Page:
It’s an interesting report on differences in cultural perceptions of learning, what it means if you struggle to grasp something, and the implications this might have for students’ experiences of their own learning process. It’s worth a listen.

I couldn’t get the audio file to upload; you can listen to it at the NPR site. You can read the full transcript here.

Gwen Sharp is an associate professor of sociology at Nevada State College. You can follow her on Twitter at @gwensharpnv.

Honda Fit She’s and the Dodge La Femme: History Repeating Itself

About a gazillion twitterers and three readers — Andi, Ria, and Jenna B. – have asked us to comment on the new Honda Fit She’s begin marketed in Japan. It’s a car. For ladies. It’s pink.  It reduces wrinkles. The apostrophe in the logo is a little heart. Etc.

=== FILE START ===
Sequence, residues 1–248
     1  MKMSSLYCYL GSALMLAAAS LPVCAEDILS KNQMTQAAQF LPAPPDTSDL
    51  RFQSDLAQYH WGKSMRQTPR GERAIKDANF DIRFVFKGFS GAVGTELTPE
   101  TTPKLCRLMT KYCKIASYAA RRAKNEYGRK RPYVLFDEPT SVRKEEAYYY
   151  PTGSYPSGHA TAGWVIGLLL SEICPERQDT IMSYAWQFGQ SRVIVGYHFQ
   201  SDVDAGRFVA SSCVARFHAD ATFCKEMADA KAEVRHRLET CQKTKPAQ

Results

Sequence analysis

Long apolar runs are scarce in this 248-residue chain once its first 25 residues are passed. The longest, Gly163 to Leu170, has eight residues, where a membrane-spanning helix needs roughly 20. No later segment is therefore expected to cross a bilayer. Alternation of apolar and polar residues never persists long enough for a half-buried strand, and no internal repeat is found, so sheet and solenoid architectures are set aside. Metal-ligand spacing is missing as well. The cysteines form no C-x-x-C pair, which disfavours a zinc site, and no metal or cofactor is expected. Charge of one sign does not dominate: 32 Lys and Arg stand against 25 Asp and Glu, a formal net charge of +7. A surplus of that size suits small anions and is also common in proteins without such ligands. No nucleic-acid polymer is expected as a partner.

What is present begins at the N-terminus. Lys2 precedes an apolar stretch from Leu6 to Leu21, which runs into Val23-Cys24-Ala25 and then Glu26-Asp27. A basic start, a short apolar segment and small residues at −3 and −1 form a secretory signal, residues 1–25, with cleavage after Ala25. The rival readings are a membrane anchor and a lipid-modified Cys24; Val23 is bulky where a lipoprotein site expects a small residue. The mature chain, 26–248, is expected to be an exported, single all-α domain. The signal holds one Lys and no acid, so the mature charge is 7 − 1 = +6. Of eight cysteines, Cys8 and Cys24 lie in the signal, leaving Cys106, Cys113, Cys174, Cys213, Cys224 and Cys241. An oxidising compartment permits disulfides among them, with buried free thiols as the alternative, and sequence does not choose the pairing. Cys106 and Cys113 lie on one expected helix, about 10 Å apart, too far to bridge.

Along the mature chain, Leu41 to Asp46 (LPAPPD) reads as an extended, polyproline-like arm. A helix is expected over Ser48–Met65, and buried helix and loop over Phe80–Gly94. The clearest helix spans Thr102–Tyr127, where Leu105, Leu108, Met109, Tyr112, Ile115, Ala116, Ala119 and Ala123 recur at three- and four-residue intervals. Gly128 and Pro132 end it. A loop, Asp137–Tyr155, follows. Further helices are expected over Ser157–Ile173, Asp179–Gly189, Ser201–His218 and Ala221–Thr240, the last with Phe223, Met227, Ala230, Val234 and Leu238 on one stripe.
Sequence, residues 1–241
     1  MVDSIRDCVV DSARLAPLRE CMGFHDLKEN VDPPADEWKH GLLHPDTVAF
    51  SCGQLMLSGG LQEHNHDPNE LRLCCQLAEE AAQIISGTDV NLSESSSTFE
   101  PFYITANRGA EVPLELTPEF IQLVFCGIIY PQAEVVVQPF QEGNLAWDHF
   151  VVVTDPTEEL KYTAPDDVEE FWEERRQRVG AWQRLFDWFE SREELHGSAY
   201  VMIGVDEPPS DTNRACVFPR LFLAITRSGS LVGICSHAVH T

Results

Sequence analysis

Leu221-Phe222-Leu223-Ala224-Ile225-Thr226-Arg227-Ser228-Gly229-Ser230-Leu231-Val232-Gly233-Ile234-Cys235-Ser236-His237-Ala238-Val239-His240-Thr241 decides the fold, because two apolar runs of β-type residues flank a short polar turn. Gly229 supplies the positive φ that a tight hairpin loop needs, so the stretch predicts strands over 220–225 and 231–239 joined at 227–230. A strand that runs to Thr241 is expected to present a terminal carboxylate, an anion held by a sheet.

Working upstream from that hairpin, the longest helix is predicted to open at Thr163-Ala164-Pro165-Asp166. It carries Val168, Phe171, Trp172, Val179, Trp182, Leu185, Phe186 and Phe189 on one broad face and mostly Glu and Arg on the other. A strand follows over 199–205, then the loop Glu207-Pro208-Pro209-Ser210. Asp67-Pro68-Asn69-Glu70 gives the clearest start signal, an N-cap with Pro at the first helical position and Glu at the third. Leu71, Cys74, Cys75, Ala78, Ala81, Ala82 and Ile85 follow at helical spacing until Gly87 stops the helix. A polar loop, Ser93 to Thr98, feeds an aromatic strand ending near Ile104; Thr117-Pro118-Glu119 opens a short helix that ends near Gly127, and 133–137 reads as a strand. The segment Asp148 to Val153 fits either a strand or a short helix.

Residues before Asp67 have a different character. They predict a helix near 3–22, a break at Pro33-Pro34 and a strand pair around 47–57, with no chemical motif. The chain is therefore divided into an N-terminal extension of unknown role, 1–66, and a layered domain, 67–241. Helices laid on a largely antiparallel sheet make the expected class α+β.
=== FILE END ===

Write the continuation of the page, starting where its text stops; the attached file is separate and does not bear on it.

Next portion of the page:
My only response to this is: “how very la femme!”  Dodge La Femme that is.

The Dodge La Femme  was sold for two years in the U.S. — 1955 and 1956 — and could be considered a fore mother to the She’s.  We originally posted about it in 2007.

Here is some of the advertising:

Here are some pictures of a restored La Femme:

Pink rosebud patterned upholstery:

It even came with matching accessories!  An umbrella and raincoat:

A compact:

A coin purse:

One of the reasons that the La Femme didn’t sell was because women were, frankly, offended.  Gender politics are different today, and they’re certainly different in Japan than they are in the U.S., so it’ll be fascinating to see how the She’s is received.

Lisa Wade is a professor of sociology at Occidental College and the author of Gender: Ideas, Interactions, Institutions, with Myra Marx Ferree. You can follow her on Twitter and Facebook.